What we are left with is a system that is built to perpetuate the subscription crises without any real and easy solution to full open accessibility. We either pay for subscriptions, pay for APCs, or pay for both. International and national boycotts, like the ones striking Western Europe  hurt the bottom line of publishers but harm faculty who need the journals to survive in this current scholarly climate. Pirate websites prey on our log in systems to provide “open” access to every published article but put our institutions, as well as researchers, at risk. While green avenues might be appealing, they are only the most common method of providing open access materials because of their inherently difficult nature. A journal wanting you to pay their hybrid fee would be happy to provide you with many hoops to jump through for a post-print. Relying on faculty to provide the correct versions is like relying on faculty respond to your Friday afternoon emails during the Summer; some will be pros at it but most will ignore you.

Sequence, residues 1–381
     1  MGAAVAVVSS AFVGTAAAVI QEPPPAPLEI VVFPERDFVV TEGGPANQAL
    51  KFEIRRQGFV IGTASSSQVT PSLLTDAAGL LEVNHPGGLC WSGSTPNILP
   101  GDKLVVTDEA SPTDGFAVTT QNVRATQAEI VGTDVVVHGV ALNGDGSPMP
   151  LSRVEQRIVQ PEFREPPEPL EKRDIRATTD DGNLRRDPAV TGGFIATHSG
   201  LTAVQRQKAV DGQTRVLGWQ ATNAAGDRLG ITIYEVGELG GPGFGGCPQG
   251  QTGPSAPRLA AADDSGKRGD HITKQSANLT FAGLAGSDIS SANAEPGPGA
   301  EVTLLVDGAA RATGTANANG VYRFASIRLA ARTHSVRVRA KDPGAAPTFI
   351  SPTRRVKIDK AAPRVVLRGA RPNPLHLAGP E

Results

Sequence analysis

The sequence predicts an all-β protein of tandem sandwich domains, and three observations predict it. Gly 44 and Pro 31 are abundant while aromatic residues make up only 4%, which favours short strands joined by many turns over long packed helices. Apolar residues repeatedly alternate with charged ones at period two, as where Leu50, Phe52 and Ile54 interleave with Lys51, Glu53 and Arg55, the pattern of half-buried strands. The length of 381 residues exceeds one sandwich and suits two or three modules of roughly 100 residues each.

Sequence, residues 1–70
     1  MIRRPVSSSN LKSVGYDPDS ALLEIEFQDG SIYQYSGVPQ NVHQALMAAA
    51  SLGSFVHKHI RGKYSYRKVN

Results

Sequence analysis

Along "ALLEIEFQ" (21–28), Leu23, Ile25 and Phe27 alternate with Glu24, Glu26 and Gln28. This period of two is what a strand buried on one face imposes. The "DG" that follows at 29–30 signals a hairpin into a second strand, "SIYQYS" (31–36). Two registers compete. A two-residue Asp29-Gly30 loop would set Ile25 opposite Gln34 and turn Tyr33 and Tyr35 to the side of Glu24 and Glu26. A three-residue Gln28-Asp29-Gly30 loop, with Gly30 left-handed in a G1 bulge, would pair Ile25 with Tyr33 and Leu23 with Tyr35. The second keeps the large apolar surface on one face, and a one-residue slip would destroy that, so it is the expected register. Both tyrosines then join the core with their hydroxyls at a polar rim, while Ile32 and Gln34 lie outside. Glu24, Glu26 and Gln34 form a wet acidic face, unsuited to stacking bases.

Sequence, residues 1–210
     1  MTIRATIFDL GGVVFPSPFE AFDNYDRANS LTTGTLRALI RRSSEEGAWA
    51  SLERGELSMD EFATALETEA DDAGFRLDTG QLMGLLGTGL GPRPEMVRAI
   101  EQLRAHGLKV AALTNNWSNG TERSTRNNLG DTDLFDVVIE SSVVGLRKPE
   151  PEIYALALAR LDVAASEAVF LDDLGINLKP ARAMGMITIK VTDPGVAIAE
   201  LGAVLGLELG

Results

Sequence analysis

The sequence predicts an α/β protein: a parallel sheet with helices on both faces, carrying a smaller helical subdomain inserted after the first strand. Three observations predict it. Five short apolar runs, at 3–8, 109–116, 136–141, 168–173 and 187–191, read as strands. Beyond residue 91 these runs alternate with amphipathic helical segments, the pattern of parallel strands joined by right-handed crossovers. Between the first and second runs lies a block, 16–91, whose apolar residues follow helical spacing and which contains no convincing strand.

For now, we wait with baited breadth for the benevolence of publishers like the cave children who could be saved by Elon Musk’s submarine.

 

 

 

 

 

Puzzling Over Interdisciplinary Publishing